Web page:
Finally after all the instructions had been given the verse closes with this “it is the Lord’s Passover”.  I believe that is put there to emphasize that if they were going to be saved from death that salvation had to be accomplished God’s way.

What I want to emphasize is that the Passover was more than symbolic.  The shedding of the blood of the lamb and the application of the blood to the door posts was absolutely necessary for God to pass over them while He was judging the Egyptians for their sin.  Does this mean that the children of Israel were sinless?  Not at all, even during the time that God was in the process of delivering them they went against the Word of the Lord, they were idolaters, no sooner had they been delivered and they made a golden calf and worshipped it as their god.  They were not sinless; they were just as guilty as they Egyptians, why were they spared?  They were spared because they were God’s chosen people and as such He provided what He required for their salvation!    

What did God require and what did God provide?  God required the death of a lamb.  God required the shedding of blood!  Think about it for a minute.  What did God require of Cain and Abel?  He required the death of a lamb! 

Abraham and Isaac arrive in the land of Moriah; they have the wood and the knife for the burnt offering but not a lamb.  Isaac asked his father, “we have the fire and the wood but where is the lamb for a burnt offering?”  What did Abraham say to his son?  He said Son, God will provide himself the lamb for the burnt offering.”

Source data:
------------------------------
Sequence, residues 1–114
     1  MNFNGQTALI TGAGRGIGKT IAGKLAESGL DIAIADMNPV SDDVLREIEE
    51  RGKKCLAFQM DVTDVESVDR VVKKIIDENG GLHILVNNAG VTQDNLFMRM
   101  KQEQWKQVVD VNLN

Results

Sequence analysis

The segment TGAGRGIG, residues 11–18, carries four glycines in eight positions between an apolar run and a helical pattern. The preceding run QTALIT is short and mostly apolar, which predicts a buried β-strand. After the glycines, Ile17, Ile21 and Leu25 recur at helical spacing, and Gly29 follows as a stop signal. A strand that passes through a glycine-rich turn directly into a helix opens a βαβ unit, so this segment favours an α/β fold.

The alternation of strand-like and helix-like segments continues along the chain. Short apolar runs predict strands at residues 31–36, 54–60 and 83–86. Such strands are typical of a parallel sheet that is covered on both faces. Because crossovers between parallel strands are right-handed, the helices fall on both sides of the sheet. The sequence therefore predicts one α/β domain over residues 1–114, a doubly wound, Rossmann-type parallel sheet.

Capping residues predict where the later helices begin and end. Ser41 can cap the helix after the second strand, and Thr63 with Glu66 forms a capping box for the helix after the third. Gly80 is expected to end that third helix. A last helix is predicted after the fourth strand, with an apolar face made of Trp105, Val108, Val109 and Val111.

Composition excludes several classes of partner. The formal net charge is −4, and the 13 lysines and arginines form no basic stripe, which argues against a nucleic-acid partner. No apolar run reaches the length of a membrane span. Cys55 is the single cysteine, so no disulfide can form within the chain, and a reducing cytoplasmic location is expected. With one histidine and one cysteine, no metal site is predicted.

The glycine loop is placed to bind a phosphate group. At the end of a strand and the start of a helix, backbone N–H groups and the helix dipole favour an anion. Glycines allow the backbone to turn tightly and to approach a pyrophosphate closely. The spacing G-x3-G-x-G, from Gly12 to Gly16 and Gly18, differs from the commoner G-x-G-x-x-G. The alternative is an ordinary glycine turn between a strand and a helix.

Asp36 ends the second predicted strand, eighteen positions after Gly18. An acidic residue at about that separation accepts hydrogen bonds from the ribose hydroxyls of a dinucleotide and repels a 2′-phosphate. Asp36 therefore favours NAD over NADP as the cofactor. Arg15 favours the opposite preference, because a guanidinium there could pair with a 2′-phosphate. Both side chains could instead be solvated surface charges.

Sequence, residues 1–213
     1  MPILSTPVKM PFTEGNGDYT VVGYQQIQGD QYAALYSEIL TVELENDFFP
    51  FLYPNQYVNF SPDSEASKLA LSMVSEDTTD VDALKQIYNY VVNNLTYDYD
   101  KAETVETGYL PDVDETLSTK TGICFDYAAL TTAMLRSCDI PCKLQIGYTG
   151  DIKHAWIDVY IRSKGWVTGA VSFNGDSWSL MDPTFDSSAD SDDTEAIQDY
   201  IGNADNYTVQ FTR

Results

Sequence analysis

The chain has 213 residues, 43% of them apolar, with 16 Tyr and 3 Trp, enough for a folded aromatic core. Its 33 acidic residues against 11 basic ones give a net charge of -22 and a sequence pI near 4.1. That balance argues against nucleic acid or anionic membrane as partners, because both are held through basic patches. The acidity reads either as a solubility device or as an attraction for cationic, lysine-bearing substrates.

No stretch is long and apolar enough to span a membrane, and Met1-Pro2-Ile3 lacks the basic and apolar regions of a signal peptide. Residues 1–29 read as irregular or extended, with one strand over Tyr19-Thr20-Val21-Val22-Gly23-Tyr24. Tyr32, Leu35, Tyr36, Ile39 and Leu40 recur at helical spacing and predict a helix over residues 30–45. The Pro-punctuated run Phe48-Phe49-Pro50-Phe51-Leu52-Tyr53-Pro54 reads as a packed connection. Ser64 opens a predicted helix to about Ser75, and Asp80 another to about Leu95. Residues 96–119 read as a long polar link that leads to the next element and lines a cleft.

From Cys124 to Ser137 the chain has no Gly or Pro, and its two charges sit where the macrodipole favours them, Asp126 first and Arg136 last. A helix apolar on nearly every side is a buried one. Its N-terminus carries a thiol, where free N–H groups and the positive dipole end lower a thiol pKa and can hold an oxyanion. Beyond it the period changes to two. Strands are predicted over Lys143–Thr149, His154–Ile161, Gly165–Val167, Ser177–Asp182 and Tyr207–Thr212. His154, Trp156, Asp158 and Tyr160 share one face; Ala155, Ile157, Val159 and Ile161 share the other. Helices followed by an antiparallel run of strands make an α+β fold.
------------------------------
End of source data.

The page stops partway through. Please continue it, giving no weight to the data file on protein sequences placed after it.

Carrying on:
Each year the nation of Israel on the day of Atonement were required to sacrifice a goat and they were required to take the blood of the goat and sprinkle it on the mercy seat thereby making atonement for the sins of the people. 

Finally the ultimate Lamb was slain.  John the Baptist said in John 1:29 upon seeing Jesus “Behold the Lamb of God, who takes away the sin of the world!” 

What God required God provided! 

Did you notice the progression?  First a lamb was sacrificed for an individual – Abel.  Then a lamb was sacrificed for a family – Abraham and Isaac.  Next a lamb is sacrificed for a nation – Israel. Finally THE LAMB is sacrificed for the world!   

When God announced the tenth plague is was a sign of God’s judgment against all humanity.  The reason that God was going to visit their homes was to teach them about salvation.  Even though they deserved judgment God was going to save them by grace through faith.  What God’s people needed was an atonement and God provided that atonement in the form of a lamb.  Make no mistake about it the lamb was offered as a sacrifice for sin. 

What is the significance of the blood?